A Tale of Two CD’s

This past Tuesday I bought 2 cds. Yes, Kanye West’s Graduation was one of them. No, 50 cent wasn’t the other one.* The other cd is Talib Kweli’s Eardrum.
I regret buying one and regret not buying the other one sooner.

Although I have all of his cd’s, I am not a huge Kanye West fan. I enjoy his work as a producer for other artists way more than his own (feel the same way about Will.I.Am). Graduation has left me feeling sort of confused.
Now, as a proud ipod owner, when I buy new music (still not downloaded bunches of stuff, yet) I take it home and load it into itunes. But because I watch so much damn tv I don’t have my inaugural listen until the commute to work the next day on the train. Also, as a female fan of real hip-hop, I tend to pay more attention to the music and production first and then the lyrics on subsequent listens. I listen to the cd from start to finish. If a track is particularly genius (like Star/Pointro on the Roots’ Tipping Point, or Jeff & Fess on Jazzy Jeff’s The Return of the Magnificent) then I will listen to it 3 or 4 times before moving on to the next song.
While listening to Kanye on the train and reading my book, I realized that I had listened to half of the cd and nothing stood out to me. It was like one long song. Nothing stood out. Nothing made me rewind. He does nothing new. Talks about nothing new. Doesn’t sample songs in a new way. (Damn, Kanye! We get it. You are really good at finding obscure soul tracks and speeding up the vocals to make a hot track! Happy now? – probably not).
The only two songs that made me stop and take notice is the last cut, Big Brother, his ode to Jay-Z (although the favorite of music journalist Greg Tate), and Drunk & Hot Girls (because anything that Mos Def does is wonderful to me – except his last throwaway album.
Is Kanye West’s album better than a lot of stuff masquerading as hip-hop? Yes, it is, but it is not the best that he can do.

Eardrum, on the other hand, kinda took me surprise. I expected to like it, but not love it. Kweli has really broadened his horizons on this effort, covering a myriad of topics and styles (that’s what happens when you work with more than one producer). I was scared when I saw it had 20 tracks on it (compared to Kanye’s 13) and so many collaborators (including your boy Kanye). But the cd never got old and tired and wasn’t filled with a lot of in-between song skits (that’s usually what it means when there are that many selections).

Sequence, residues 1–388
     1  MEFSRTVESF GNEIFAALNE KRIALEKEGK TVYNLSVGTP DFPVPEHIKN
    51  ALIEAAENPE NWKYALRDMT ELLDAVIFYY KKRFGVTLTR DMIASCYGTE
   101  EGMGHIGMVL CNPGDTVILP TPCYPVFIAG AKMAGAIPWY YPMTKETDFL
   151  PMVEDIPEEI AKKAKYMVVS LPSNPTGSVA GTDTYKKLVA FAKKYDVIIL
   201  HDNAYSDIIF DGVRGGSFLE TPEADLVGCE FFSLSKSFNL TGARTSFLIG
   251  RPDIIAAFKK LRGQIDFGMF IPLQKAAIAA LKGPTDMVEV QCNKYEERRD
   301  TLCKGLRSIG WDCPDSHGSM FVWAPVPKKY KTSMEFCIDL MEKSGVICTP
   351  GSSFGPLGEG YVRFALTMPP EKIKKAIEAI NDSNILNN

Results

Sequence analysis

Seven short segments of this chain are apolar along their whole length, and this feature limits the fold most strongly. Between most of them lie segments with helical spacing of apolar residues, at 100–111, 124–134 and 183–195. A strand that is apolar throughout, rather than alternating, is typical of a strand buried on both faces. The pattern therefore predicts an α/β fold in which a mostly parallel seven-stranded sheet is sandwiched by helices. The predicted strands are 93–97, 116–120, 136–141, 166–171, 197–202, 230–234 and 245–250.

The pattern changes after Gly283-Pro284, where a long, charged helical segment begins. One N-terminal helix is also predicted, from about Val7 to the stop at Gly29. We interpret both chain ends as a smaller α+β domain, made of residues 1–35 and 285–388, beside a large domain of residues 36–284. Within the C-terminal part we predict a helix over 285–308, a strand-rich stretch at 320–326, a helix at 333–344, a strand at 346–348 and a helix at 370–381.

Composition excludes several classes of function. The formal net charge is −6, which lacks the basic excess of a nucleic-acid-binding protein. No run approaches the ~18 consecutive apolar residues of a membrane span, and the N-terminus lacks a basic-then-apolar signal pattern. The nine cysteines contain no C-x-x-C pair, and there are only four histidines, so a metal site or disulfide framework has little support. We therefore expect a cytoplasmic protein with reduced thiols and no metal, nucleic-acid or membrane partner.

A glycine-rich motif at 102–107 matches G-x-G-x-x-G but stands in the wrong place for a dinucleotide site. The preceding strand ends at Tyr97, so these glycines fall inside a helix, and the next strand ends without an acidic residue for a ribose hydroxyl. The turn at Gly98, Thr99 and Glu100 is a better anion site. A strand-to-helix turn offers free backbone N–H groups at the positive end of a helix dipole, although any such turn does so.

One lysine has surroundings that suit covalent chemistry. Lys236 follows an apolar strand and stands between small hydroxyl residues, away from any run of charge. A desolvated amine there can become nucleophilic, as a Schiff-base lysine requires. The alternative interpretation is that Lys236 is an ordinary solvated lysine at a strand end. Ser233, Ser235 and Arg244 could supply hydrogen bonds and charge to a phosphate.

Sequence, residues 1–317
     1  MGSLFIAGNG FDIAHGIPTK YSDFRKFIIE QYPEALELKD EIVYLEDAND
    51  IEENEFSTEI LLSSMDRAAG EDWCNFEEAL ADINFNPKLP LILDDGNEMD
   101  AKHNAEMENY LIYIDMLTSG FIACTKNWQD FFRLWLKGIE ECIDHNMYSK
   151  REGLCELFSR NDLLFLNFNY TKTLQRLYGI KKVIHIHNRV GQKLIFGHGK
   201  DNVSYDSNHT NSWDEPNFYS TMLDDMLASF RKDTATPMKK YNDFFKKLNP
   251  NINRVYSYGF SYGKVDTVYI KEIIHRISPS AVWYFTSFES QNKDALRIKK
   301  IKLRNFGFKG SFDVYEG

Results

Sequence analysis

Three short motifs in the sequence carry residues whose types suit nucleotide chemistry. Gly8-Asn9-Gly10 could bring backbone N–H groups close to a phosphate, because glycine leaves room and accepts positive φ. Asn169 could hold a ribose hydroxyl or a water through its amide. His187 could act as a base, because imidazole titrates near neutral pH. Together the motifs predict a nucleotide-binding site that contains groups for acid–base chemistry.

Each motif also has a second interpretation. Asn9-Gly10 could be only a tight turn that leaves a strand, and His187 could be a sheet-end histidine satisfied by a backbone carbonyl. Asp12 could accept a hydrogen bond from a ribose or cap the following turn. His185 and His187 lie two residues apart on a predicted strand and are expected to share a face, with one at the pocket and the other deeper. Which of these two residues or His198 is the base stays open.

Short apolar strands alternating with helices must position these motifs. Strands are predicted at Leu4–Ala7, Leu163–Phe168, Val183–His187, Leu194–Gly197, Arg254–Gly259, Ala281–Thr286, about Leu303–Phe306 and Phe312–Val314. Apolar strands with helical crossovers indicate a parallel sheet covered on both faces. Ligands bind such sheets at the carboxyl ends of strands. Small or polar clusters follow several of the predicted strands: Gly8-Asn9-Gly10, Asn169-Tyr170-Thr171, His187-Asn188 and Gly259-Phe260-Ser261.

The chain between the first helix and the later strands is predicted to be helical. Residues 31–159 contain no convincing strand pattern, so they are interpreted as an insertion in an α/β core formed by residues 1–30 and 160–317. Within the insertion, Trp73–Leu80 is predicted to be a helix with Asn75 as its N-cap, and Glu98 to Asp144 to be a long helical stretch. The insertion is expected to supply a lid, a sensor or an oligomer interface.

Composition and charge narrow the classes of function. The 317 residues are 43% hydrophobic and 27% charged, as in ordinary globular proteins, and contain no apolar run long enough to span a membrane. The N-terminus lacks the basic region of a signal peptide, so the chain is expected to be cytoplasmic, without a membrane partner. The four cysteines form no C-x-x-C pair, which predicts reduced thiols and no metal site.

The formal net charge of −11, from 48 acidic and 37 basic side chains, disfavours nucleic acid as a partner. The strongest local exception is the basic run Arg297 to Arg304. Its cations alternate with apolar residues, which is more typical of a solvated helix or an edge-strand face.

Best songs: Country Cousins (feat. UGK & Raheem DeVaughn)
Eat to Live
Hot Thing (feat Will.I.AM) current single

Unfortunately, like most hip-hop artists who are really about something (with the exception of Common, who is getting much deserved recognition), most people will never hear this outstanding work. In fact, today they announced the nominees for the BET 2007
Hip Hop Awards (held here in the Atl) and Kweli was nowhere to be found.

…..but, Kanye was all over it.

2 thoughts on “A Tale of Two CD’s

  1. Okay, as a commercial hip-hop fan ( except now that I’m gettin old I am confused). Help me out.If you were tutoring me in hip hop and I needed to listen to some songs to begin to feel and learn hip-hop what would you have me listen to. (okay, keep in mind that I am a teacher and so I will need to know the when’s and whys of this later.) I love Common and Mos Def, but have only listened to the top 40 plays of their music. My love mostly comes from the fact that they are provocative, sexy, articulate black men.Teach me Toni!

  2. i got a bit turned off kanye when i saw him make a scene at the mtv EUROPE awards last year. it was just a real spoil sport move, whining about how he spent over a million to make his video while the one that won (some obscure group) had been simply but ingeniously made.

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